Higher Obesity-Related Cancer Risk in Women With Type 2 Diabetes
The first year after diabetes diagnosis the standardized incidence ratio was the highest and remained increased in the 5 years after diabetes diagnosis.
Women diagnosed with type 2 diabetes (T2D) may be at a higher risk for developing cancer as early as 5 years before receiving a diagnosis of diabetes when compared with women in the general population, while men and women may be at a higher risk for receiving a diagnosis of cancer in the years following a diagnosis of diabetes, according to a study published in PLOS One.
Researchers identified 69,583 individuals (49% women) from 2 prospective cohort studies (Zwolle Outpatient Diabetes project Integrating Available Care and the Netherlands Cancer Registry) linked with the Dutch National Cancer registry and assessed the association between the diagnosis of T2D and the incidence of obesity-related cancer in both men and women diagnosed with T2D compared with the general Dutch population in the 5 years preceding, the year after, and the 4 years following diagnosis.
Study results found the highest incidence of cancer diagnosis in both men and women diagnosed with T2D occurred during the first year following the T2D diagnosis (standardized incidence ratio [SIR] 1.80; 95% CI 1.59-2.01), with elevated levels of cancer diagnosis also found in the 5 years prior and 2 to 5 years after being diagnosed with T2D compared with the general Dutch population.
In women diagnosed with T2D, there was a significantly increased incidence of obesity-related cancer 5 years before a diagnosis of diabetes (SIR 1.86; 95% CI 1.37-2.00), which dropped significantly the year before a T2D diagnosis (SIR 1.44; 95% CI, 1.17-1.70), followed by the highest incidence 1 year after diagnosis (SIR 2.21; 95%CI 1.88-2.54) that remained increased for the remaining 5 years after a T2D diagnosis.
Men did not demonstrate a significant increase in cancer diagnosis incidence in years 5 to 1 before a T2D diagnosis, with significant increases only seen in the year before (SIR 1.32; 95% CI 1.06-1.58) and year after (SIR 1.38; 95% CI 1.11-1.64) T2D diagnosis when compared with the general Dutch population.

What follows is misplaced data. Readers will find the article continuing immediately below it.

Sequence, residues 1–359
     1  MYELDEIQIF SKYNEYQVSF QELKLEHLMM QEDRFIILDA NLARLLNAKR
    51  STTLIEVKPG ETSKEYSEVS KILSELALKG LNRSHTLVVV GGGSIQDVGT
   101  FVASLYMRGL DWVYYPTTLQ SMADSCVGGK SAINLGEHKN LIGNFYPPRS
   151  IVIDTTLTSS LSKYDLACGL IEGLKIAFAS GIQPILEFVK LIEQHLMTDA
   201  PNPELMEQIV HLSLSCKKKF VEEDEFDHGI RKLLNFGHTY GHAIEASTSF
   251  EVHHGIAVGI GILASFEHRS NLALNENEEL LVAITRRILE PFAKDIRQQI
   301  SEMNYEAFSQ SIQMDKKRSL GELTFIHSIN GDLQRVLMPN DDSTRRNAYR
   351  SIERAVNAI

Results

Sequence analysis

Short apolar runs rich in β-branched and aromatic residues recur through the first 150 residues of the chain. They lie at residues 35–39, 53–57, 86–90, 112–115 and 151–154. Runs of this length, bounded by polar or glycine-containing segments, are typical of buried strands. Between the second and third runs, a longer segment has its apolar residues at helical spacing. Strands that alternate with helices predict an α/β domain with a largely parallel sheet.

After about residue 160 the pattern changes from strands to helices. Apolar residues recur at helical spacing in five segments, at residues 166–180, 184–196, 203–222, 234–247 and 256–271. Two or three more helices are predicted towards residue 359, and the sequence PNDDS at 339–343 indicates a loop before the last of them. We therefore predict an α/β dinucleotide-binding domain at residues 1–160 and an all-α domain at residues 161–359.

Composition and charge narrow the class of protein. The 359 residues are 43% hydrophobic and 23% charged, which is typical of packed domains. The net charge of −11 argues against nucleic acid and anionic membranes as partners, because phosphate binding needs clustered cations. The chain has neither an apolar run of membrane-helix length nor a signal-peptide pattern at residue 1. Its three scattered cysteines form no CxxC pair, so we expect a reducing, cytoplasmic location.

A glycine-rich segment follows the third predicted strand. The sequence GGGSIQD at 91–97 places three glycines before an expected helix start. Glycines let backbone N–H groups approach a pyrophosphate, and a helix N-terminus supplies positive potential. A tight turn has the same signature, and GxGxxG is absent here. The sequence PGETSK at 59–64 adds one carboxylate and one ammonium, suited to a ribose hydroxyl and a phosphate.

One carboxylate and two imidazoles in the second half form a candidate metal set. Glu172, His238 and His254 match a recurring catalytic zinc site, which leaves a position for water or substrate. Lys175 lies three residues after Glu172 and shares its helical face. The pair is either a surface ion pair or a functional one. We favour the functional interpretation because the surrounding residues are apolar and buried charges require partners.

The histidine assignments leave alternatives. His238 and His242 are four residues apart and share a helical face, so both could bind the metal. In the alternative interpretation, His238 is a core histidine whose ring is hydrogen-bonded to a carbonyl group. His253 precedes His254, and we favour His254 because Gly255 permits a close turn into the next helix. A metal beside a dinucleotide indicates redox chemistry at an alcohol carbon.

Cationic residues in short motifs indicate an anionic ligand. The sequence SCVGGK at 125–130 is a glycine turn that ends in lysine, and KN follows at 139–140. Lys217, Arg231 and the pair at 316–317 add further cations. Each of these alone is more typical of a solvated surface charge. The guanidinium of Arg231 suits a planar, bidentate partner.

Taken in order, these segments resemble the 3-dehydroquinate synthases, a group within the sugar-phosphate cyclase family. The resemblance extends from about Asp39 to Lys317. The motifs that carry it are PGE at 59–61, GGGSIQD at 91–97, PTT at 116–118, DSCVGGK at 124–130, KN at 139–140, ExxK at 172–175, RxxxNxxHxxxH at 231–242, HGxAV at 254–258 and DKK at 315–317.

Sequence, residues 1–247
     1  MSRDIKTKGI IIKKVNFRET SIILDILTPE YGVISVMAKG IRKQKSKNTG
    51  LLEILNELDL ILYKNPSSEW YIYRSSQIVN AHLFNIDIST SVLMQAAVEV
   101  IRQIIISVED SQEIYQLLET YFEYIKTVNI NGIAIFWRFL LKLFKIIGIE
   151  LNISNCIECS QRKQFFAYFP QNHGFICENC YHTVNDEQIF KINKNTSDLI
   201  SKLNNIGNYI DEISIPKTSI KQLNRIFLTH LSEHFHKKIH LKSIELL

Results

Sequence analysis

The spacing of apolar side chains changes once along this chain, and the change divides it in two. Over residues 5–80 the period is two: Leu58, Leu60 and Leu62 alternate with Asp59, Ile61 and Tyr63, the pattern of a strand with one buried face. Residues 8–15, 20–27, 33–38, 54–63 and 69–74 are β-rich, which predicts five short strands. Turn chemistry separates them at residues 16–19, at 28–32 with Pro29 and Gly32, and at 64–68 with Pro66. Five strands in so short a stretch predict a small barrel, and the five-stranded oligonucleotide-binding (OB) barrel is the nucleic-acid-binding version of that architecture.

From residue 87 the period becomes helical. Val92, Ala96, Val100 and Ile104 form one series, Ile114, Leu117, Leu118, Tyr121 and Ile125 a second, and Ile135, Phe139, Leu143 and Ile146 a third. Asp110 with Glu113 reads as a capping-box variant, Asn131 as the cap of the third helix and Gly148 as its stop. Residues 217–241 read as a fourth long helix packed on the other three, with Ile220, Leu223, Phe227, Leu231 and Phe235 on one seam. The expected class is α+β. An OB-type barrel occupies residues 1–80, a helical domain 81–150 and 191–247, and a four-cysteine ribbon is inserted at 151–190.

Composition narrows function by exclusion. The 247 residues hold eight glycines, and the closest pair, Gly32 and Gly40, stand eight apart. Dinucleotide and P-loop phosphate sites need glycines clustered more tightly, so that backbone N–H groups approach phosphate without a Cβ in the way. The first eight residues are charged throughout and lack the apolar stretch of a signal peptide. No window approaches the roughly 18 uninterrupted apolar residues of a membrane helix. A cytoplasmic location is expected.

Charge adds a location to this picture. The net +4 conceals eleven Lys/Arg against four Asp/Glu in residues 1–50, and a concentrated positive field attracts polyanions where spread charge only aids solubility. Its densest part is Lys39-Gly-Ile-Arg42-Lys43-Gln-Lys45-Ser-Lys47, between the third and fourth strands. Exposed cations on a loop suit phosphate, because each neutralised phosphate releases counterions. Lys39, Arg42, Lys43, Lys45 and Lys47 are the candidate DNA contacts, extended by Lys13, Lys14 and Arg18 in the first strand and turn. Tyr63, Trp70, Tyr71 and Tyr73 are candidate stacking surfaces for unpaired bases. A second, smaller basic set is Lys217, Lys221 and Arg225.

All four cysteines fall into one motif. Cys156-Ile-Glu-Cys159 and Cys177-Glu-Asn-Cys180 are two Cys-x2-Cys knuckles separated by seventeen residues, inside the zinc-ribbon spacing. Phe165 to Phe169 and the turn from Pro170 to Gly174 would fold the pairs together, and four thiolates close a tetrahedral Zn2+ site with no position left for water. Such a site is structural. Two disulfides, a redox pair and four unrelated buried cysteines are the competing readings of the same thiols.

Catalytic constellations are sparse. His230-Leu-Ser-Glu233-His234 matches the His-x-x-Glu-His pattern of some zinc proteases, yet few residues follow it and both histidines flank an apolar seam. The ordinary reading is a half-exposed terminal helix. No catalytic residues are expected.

Finally, when researchers examined the influence on a T2D on sex-specific cancers, it found that women had an elevated SIR at all points of time with the same noted decrease the year prior to T2D diagnosis when examining breast cancer alone, while in men there was a decreased incidence of prostate cancer in the 5 years preceding a diagnosis of T2D, but no difference in incidence in the years after diagnosis.
Researchers concluded that the peak incidence level of cancer diagnosis occurred in the year after being diagnosed with T2D, with a clear difference in cancer risk noted between men and women. When compared with the general population, both men and women had an increased incidence of obesity-related cancer diagnosis in the years after diabetes diagnosis, with a more pronounced increase in women.
However, women also had an increased incidence of obesity-related cancers as early as 5 years before being diagnosed with T2D. When sex-specific cancers were excluded from the analysis, women had a lower incidence of cancer, while men had a higher SIR. Results appear to demonstrate a protective factor present in the general population of women that disappears with obesity and the diagnosis of diabetes compared with men.
Schrijnders D, Hendricks SH, Kleefstra N, et al. Sex differences in obesity related cancer incidence in relation to type 2 diabetes diagnosis (ZODIAC-49) [published online January 25, 2018]. PLOS One. doi:10.1371/journal.pone.0190870